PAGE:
In keeping with our findings, a previous study (4) showed that an increase in FPG >5.4 mmol/l was associated with increased risk of type 2 diabetes, particularly when combined with features of the metabolic syndrome. In addition, Stern et al. (37) proposed that a multivariable model including family history of diabetes and multiple continuous variables was a better predictor of type 2 diabetes than 2-h glucose alone. Moreover adding 2-h glucose to their model did not significantly improve the prediction. The Stern model had a better area under the ROC curve for prediction of diabetes than our simple triad model (83.4 vs. 74%), but the use of multiple continuous variables may be difficult in clinical practice.

These findings should have important implications for the screening of diabetes. Individuals at high risk for subsequent type 2 diabetes can be identified without expensive and labor-intensive OGTTs when screening is restricted to individuals with a family history of type 2 diabetes, fasting plasma glucose ≥5.6 mmol/l, and BMI ≥30 kg/m2. Using these criteria, six individuals must be screened to identify one person who will develop diabetes. Because the inability of the islets to compensate for the degree of insulin resistance represents the key defect leading to type 2 diabetes, interventions focused on both defects may be needed to prevent type 2 diabetes.

FIG. 1.

The effects of the combination of risk factors for development of type 2 diabetes (T2D). Fasting plasma glucose is in millimoles per liter. Incident diabetes was estimated as the proportion of subjects who developed diabetes during the follow-up period and who had specific risk factors (%): 26 of 124 individuals with the combination of FH+, FPG ≥5.6 mmol/l, and BMI ≥30 kg/m2; 3 of 24 with FPG ≥5.6 mmol/l and BMI ≥30 kg/m2; 7 of 71 with FH+ and BMI ≥30 kg/m2; 52 of 638 with FH+ and FPG ≥5.6 mmol/l; 23 of 666 with FH+; 2 of 26 with BMI ≥30 kg/m2; 6 of 156 with FPG ≥5.6 mmol/l; and 2 of 193 without any risk factors. The effect of the combination of FH+, FPG ≥5.6 mmol/l, and BMI ≥30 kg/m2 was statistically significant at the P < 0.001 level compared with those with zero or one or two risk factors for the risk of type 2 diabetes.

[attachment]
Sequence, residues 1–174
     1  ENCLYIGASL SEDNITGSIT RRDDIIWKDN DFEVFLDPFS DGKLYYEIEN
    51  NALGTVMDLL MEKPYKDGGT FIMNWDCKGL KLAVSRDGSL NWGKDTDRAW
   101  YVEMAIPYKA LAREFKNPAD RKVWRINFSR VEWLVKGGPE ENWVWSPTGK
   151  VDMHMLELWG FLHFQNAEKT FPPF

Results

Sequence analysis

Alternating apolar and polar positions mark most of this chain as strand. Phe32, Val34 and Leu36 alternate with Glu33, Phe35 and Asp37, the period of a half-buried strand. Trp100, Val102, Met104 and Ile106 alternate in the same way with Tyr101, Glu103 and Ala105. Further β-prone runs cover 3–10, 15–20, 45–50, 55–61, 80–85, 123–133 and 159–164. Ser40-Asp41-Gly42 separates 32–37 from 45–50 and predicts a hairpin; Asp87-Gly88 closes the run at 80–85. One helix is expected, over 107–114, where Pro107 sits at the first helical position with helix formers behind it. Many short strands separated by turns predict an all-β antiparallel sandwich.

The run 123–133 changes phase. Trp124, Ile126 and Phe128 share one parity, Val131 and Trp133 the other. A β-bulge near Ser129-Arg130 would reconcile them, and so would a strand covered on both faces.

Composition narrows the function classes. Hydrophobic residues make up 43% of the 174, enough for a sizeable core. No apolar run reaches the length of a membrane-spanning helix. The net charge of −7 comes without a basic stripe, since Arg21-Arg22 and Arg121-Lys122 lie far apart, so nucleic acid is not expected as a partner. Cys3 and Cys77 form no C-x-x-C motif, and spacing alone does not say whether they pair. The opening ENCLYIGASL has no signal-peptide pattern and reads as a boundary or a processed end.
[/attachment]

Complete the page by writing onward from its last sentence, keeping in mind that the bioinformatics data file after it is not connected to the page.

FIG. 2.

Change in insulin resistance and β-cell function in subjects who developed (type 2 diabetes converters) and who did not develop (nonconverters) diabetes during the follow-up period. x-axis = follow-up period in years from baseline (0) up to the final measurement (the final measurement for converters was made at the visit when diabetes was diagnosed and for nonconverters at the last visit in the study). A: Converters had an increase (P = 0.0025) in insulin resistance, calculated as HOMAIR = fasting serum insulin × fasting plasma glucose/22.5. B: Converters had a decline in β-cell function as estimated by insulinogenic index (log scale; P < 0.0001), calculated as the ratio of incremental insulin (ΔI30) to glucose (ΔG30) responses during the first 30 min of the OGTT (Δ I30/Δ G30). C: Converters had a decline in β-cell function as estimated by the disposition index (log scale; P < 0.0001), used to adjust insulin secretion for the degree of insulin resistance (Δ I30/Δ G30 ÷ HOMAIR). ▴ and solid predicted line, type 2 diabetes converters; ○ and dashed predicted line, nonconverters.

TABLE 1

Clinical characteristics of the subjects according to glucose tolerance at baseline

TABLE 2

Comparison of baseline characteristics between NGT subjects who remained NGT or who developed IFG-IGT or type 2 diabetes during follow-up

TABLE 3

Comparison of baseline characteristics between IFG-IGT subjects who converted to NGT, remained IFG-IGT or developed type 2 diabetes during follow-up

TABLE 4

Univariate analyses of risk factors for type 2 diabetes

TABLE 5

The effects of combinations of risk factors for type 2 diabetes as estimated from Cox proportional hazards regression

Acknowledgments

This work was supported by grants from the Sigrid Juselius Foundation, the European Commission (BM4-CT95-0662, GIFT), the Folkhalsan Research Foundation, the Swedish Medical Research Council, JDF-Wallenberg, the Academy of Finland, the Finnish Diabetes Research Foundation, and the Swedish Foundation for the Study of Diabetes.

We are indebted to the Botnia Research Group (Monica Gullström and Maja Häggblom [Närpes]; Susanne Salmela and Helena Iilahti [Korsholm]; Inga-Britt Stenback and Lisbeth Åkerman [Malax]; Susanne Salmela, Marianne Nyman, and Sonja Paulaharju [Vasa]; Leena Sarelin and Carola Svenfelt [Jakobstad]; Carol Forsblom, Seija Heikkinen, Arja Tapio, Merja Lahtinen, and Milla Kottonen [Helsinki]; Hannele Hilden [Helsinki, Lipid Laboratory]; and Devjit Tripathy, Esa Laurila, Marju Orho-Melander, Britt Bruveris Svenburg, Mona Hansson, Margareta Svensson, and Anita Nilsson [Malmö]) for skillful participation in the studies.

Footnotes

  • M.-R.T. has received honoraria and consulting fees from Merk, Sharp and Dome, Pfizer, Fournier, and GlaxoSmithKline and research and support from Fournier and Novartis. L.G. has received honoraria and consulting fees from Bristol-Myers Squibb and Roche.

    • Accepted September 22, 2004.
    • Received July 12, 2004.

REFERENCES